Fashion is a large part about designers, and indeed this is how Charlotte Turner (left in the picture below) started her career. With an early passion for up-cycling materials and clothes – though she obviously didn’t realise that re-using old garments from her grandmother to make new things was just this – a degree from the London College of Fashion with a focus on sustainable design followed.
But her main interests are the reasons that lie behind the behaviour of industry and consumers, and “how we can turn negative impact into positive impact”, she told the Green Fashion team in a recent interview.
As the project manager for the Future Fabrics Expo by The Sustainable Angle, and a member of the Centre for Sustainable Fashion at the London College of Fashion, she is involved in different projects dealing with and researching about textile production, clothing design, and fashion consumption in different societies. “I’m trying to explore how we can alter this culture of mass consumerism we are in, which is in itself completely unsustainable,” she says.
We want it all, and quick
The culture is depicted by the release of more and more fashion collections every year. “In the past there were two main collections a year and that was it. These days you have to meet so many demands of the customers who want the newest trends, and who aren’t learning to really value their garments.”
Turning our “we want it all and quick” society into one that cares about sustainability is what her work is aiming it. “People need to be aware of what they are wearing and what impact it is causing. They need to know that they can get high-quality and long lasting clothes for a price which is good value, and that this isn’t some marginal and unattractive fad,” she adds.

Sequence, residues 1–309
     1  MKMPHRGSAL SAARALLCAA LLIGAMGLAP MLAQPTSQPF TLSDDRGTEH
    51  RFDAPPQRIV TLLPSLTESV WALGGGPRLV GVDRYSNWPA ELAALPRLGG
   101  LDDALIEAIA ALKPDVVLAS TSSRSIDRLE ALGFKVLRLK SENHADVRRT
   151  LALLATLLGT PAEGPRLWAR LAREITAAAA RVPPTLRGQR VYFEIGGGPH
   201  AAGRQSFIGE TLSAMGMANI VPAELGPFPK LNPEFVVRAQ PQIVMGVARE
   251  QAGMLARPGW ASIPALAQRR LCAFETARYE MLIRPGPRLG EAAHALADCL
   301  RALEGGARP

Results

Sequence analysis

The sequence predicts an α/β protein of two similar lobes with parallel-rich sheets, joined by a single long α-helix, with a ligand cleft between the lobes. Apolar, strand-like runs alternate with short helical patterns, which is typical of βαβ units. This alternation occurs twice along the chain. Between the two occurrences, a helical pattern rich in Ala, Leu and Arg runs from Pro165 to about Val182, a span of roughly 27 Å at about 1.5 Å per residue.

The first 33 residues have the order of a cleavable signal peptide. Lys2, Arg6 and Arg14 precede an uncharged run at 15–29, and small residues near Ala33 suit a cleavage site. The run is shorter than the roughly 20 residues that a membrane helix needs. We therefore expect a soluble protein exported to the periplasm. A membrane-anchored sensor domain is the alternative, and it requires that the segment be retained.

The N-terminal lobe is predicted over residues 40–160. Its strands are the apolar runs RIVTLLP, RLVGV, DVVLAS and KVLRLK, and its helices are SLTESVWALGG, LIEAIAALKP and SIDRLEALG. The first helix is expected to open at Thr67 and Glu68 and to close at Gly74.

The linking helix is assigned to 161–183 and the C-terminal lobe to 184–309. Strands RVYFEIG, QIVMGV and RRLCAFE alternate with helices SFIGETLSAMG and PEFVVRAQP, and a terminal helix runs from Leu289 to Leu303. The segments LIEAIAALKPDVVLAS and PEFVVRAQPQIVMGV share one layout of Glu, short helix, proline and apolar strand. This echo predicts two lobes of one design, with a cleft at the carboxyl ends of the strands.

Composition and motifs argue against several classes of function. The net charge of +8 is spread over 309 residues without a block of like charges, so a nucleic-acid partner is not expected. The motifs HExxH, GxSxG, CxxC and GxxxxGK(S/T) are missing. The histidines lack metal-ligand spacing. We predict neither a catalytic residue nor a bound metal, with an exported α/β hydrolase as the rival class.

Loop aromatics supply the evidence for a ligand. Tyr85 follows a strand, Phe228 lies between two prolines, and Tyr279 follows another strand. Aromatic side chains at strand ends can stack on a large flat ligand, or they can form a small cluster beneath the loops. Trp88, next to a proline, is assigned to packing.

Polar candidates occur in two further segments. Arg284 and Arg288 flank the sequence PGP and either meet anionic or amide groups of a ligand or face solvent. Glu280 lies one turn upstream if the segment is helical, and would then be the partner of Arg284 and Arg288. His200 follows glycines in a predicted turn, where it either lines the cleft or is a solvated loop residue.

Eco going mainstream
Recent years have shown that more and more mainstream fashion outlets are opening up to the idea of producing sustainable clothes for a reasonable price. The recent H&M Conscious campaign we reported on is only one of the examples with other major outlets like Lewis and Marks & Spencer having joined the fight for more sustainability in the fashion industry in recent years.
However, money remains one of the main reasons, some outlets still don’t develop more environmentally and socially sustainable products. And even though more companies may be using organic cotton and other sustainable materials to produce their clothes, they still produce in the same factories which may not meet fair working and trading standards.
Imbalance as a problem
“Eventually there will be global legislation that mills, factories and companies worldwide will need to meet, but right now there is definitely an imbalance. You can already see in Europe that there is legislation for minimum social and environmental standards which is not in place in many regions of the world such as Asia.” This is feeding the problem as companies are tempted to produce for lower prices in places with less restrictions, and where standards are not constantly monitored.
Until this changes there will always be an excuse for not producing more sustainably- and this is about money.
Charlotte Turner, however is hopeful that the increase of sustainable fashion will continue: “Consumers are beginning to find out more about where their clothing comes from and how it has been made, and are hopefully beginning to understand the impact this all has on our environment and culture.”
The ultimate goal for her and her colleagues’ work, would be if one day, sustainable fashion and the commitment of some companies wouldn’t make the headlines anymore. Not because it doesn’t exist, but because it is the most normal thing in the world.
Pictures courtesy of Myka Baum